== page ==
Israeli raid kills 3 Gazans, rockets fired at Israel
GAZA / JERUSALEM - Reuters
Palestinians survey a house damaged by a blast from an Israeli air strike on a nearby Hamas training camp in Gaza City December 9, 2011. REUTERS PhotoViolence has flared up between Israel and Gaza, with the Israeli air force killing three Palestinians and militants firing rockets deep across the border.
The latest fighting erupted on Thursday when an air strike on a car killed two militants, one of them from Gaza's governing Islamist group Hamas, whom Israel accused of planning to send gunmen to attack it through the neighbouring Sinai region of Egypt.
Palestinian militants answered Thursday's air strike with a barrage of rockets, some of which landed near Beersheba, a city 35 km (30 miles) from Gaza. No one was hurt. Air-raid sirens summoned residents of southern Israel to shelters.
Another Israeli air strike followed before dawn on Friday, hitting a Hamas training camp in Gaza City. The blast flattened a nearby home, killing its owner and wounding his wife and six of their children, two critically, hospital officials said.
In a statement voicing regret for the civilian casualties, the military said Palestinian rockets stored next to the camp had stoked the explosion. Hamas accused Israel of a "massacre".
"We are pursuing intensive contacts with several Arab and international parties, and we stress the necessity of this aggression being stopped immediately," Ismail Haniyeh, head of the Hamas administration in Gaza, told reporters.
Hamas spurns peacemaking with the Jewish state but has in the past proposed truces as it sought to consolidate control over Gaza and negotiate power-sharing with the rival, U.S.-backed Fatah faction of Palestinian President Mahmoud Abbas.
Ties that bind
Instability has spread in Sinai as Cairo struggles to restore order after the fall of Hosni Mubarak in February.
Armed infiltrators killed eight Israelis on the border with Sinai in August. Israeli troops repelling the gunmen killed five Egyptian police, triggering outrage in Cairo that spilled over into the mobbing of Israel's embassy a month later.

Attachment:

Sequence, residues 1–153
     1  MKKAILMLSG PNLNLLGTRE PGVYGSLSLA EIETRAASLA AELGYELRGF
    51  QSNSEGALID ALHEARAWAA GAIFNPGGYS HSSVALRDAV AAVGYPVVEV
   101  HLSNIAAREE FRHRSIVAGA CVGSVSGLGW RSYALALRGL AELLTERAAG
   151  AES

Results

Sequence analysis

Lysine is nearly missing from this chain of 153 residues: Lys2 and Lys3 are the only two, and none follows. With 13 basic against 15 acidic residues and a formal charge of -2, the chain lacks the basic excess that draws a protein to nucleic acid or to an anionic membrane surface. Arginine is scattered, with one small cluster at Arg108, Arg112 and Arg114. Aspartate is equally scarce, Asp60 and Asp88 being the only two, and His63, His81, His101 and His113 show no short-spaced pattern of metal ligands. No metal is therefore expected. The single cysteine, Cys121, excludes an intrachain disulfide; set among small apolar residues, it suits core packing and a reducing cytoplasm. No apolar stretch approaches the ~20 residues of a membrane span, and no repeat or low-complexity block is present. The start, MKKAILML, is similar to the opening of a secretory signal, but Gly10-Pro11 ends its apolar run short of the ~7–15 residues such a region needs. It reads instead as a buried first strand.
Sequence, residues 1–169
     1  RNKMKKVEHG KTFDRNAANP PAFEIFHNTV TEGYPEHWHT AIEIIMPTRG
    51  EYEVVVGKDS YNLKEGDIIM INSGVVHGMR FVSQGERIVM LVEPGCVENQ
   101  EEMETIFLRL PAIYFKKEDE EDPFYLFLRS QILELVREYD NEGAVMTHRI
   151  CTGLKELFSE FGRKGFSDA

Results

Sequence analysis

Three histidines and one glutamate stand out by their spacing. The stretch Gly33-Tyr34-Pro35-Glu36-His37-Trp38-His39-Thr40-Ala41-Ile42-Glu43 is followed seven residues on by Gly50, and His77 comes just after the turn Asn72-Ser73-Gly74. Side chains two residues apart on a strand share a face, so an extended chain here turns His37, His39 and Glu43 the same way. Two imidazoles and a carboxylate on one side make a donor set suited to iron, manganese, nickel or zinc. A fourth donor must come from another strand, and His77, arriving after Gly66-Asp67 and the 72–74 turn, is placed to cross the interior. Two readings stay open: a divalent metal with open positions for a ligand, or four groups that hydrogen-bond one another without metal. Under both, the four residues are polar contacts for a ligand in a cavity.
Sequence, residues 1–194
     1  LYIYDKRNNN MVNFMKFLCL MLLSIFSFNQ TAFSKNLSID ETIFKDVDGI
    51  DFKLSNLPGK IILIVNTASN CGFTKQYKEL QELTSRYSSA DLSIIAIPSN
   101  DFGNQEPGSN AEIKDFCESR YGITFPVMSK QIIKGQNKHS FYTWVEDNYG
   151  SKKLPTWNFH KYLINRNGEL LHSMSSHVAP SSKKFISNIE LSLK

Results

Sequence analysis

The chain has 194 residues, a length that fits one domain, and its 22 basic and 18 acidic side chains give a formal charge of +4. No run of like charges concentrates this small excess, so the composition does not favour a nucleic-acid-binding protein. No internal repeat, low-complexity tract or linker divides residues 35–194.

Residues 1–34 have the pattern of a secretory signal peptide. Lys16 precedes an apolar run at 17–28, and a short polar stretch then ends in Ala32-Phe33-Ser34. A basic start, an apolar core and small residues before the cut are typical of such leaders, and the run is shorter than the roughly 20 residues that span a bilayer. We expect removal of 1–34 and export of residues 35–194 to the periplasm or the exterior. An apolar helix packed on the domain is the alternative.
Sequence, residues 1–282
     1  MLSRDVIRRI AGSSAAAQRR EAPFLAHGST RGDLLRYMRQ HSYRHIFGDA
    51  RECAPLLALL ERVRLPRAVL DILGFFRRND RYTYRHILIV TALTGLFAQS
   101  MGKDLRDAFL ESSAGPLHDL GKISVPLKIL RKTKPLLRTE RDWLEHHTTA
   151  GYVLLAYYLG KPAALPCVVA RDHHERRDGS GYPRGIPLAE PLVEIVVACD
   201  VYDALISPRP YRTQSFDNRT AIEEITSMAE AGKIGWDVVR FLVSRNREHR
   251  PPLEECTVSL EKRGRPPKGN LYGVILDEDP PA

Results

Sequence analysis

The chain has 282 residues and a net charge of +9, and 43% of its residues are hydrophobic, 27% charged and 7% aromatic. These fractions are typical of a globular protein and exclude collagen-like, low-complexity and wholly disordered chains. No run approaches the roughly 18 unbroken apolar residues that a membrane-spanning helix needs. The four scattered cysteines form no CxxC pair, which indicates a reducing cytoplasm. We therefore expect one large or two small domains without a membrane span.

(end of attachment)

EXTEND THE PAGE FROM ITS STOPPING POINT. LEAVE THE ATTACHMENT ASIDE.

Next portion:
Israel apologised for the Egyptian deaths and Egypt's interim military rulers vowed to mount security sweeps of Sinai.
Hamas's standing has grown with the political rise of the kindred Egyptian Muslim Brotherhood, formerly a suppressed though popular opposition group. Israel worries about the prospects for its landmark 1979 peace accord with Egypt, which secured the demilitarisation of the Sinai.
"The State of Israel is in a bind," defence analyst Alex Fishman wrote in the biggest-selling Israeli newspaper Yedioth Ahronoth.
"It can't operate in Sinai in order to defend its sovereignty for fear of its relations with Egypt ... and because it can't beat the donkey, it beats the saddle -- and Gaza suffers the blows."
Some of the Palestinian rockets fired on Thursday and Friday were claimed by a Fatah-linked militia that lost one of its leaders, Essam Al-Batsh, in Israel's air strike.
Israel said he had also been involved in a 2007 suicide bombing that killed three people in Eilat, a Red Sea port abutting Egypt. The Eilat area went on security alert this week, with the military citing fear of infiltration from Sinai.
Hamas had no comment on the rockets. It has kept out of some of the recent fighting in Gaza, much of which has been between Israel and Islamic Jihad, a different Palestinian armed faction.
The chief of Israel's military, Lieutenant-General Benny Gantz, told parliament last month a new Israeli offensive in Gaza could be "drawing close" because of the rocket threat.
That stirred speculation that Israel, which launched a devastating war on Hamas in 2008-2009, might mobilise for a similar assault ahead of the possible installation of a new Islamist-led government in Egypt.
Giora Eiland, a former Israeli national security adviser, warned that could backfire by providing an electoral boost to the Muslim Brotherhood and Egypt's ultra-conservative Salafis.
"An operation in Gaza is liable to play into their hands, with a kind of acceleration of political processes that you don't want," Eiland told Israel Radio.